CD: Could you provide a brief overview of recent high-profile post M&A dispute cases? What lessons have been learned from outcomes?

Ohlms: One case that attracted our attention which was recently resolved was the Johnson & Johnson vs. Guidant Corporation case out of the United States District Court for the Southern District of New York. At issue was whether Guidant violated an earlier merger agreement with Johnson & Johnson, allowing it to obtain a higher price from Boston Scientific. The case is a great reminder to try to think through all of the permutations that a provision may introduce into a transaction. While Guidant clearly believed that allowing the diligence to the third party was permitted given its necessary role in Guidant’s transaction with Boston Scientific, the language at issue did not explicitly address such a scenario. No one is ever going to be able to draft an M&A agreement that contemplates and explicitly addresses every twist or turn a transaction may take, but if it was important enough to include a no solicitation provision, perhaps more effort should have been made to flush out the line between solicitation and responding to an unsolicited offer. The other lesson is how costly and time consuming this type of litigation can be. The cost is not made up solely of the legal fees or the settlement dollars paid, but also includes the value of the time spent by company leaders addressing the litigation as opposed to advancing their business.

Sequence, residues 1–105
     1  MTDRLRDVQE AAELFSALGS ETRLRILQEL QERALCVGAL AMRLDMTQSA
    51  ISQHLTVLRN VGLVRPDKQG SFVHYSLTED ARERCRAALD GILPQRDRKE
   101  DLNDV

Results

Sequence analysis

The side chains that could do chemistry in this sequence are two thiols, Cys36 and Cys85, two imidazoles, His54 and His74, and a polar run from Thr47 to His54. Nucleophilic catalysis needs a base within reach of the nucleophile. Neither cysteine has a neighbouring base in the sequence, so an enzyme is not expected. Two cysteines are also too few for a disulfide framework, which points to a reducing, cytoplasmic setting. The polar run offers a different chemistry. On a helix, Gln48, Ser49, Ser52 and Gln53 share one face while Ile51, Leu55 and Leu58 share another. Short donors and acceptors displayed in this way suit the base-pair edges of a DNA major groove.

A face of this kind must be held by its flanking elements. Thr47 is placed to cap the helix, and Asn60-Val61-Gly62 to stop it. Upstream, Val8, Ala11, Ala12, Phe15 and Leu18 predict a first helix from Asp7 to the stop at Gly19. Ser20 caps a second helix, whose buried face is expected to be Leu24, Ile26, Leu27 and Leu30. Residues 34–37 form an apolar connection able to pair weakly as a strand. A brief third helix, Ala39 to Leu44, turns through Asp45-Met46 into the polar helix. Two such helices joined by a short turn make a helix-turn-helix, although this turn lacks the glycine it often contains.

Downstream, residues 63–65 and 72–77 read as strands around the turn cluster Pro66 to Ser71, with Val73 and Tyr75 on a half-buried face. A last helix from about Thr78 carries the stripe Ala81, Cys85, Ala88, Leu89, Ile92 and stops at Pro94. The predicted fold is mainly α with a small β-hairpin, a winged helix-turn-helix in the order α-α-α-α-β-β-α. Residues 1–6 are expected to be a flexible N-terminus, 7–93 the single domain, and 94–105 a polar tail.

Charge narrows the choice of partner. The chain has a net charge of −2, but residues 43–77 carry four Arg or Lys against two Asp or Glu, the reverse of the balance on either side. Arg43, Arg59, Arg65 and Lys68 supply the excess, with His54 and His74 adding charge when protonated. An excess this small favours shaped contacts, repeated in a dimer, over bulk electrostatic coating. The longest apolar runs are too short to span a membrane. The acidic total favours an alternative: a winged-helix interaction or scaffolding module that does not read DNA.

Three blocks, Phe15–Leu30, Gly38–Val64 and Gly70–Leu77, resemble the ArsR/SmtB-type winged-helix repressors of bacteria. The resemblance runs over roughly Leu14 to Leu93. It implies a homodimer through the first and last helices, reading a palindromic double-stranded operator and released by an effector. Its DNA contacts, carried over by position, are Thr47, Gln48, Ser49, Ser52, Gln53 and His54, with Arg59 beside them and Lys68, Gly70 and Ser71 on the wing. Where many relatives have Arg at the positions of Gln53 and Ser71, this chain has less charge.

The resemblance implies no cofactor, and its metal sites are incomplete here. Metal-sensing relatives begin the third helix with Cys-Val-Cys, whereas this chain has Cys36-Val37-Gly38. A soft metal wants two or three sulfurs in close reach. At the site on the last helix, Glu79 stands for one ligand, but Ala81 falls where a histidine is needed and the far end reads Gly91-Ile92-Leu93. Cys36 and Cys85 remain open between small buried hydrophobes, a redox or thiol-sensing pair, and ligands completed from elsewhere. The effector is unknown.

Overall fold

Holwell: Litigation is endemic to M&A transactions. Historically, shareholders have challenged over 90 percent of public company M&A deals. Most of these are settled before the transaction closes and are essentially a strategic tool for inducing, or defending against, a proposed sale, or perhaps, as a means of securing a healthy contingent fee for plaintiffs’ counsel. By contrast, private company M&A litigation typically arises post-closing, when either the buyer’s or seller’s expectations are not met, so they resort to a court or arbitrator as a means of renegotiating pricing. Far from being resolved promptly, post-closing disputes can be costly and time consuming to both sides. 

Apr-Jun 2015 issue

Freeborn & Peters LLP

Holwell Shuster & Goldberg LLP

Kulkov, Kolotilov and Partners (KK&P)

Skadden, Arps, Slate, Meagher & Flom LLP

Von Wobeser & Sierra